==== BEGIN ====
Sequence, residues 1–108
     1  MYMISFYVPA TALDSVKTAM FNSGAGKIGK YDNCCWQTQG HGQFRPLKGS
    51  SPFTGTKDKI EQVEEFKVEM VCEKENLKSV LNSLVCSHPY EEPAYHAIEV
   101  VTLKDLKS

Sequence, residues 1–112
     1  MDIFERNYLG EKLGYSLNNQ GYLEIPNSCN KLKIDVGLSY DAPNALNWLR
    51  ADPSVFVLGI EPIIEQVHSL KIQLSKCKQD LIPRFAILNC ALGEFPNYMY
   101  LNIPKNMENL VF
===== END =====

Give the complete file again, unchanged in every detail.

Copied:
Sequence, residues 1–108
     1  MYMISFYVPA TALDSVKTAM FNSGAGKIGK YDNCCWQTQG HGQFRPLKGS
    51  SPFTGTKDKI EQVEEFKVEM VCEKENLKSV LNSLVCSHPY EEPAYHAIEV
   101  VTLKDLKS

Sequence, residues 1–112
     1  MDIFERNYLG EKLGYSLNNQ GYLEIPNSCN KLKIDVGLSY DAPNALNWLR
    51  ADPSVFVLGI EPIIEQVHSL KIQLSKCKQD LIPRFAILNC ALGEFPNYMY
   101  LNIPKNMENL VF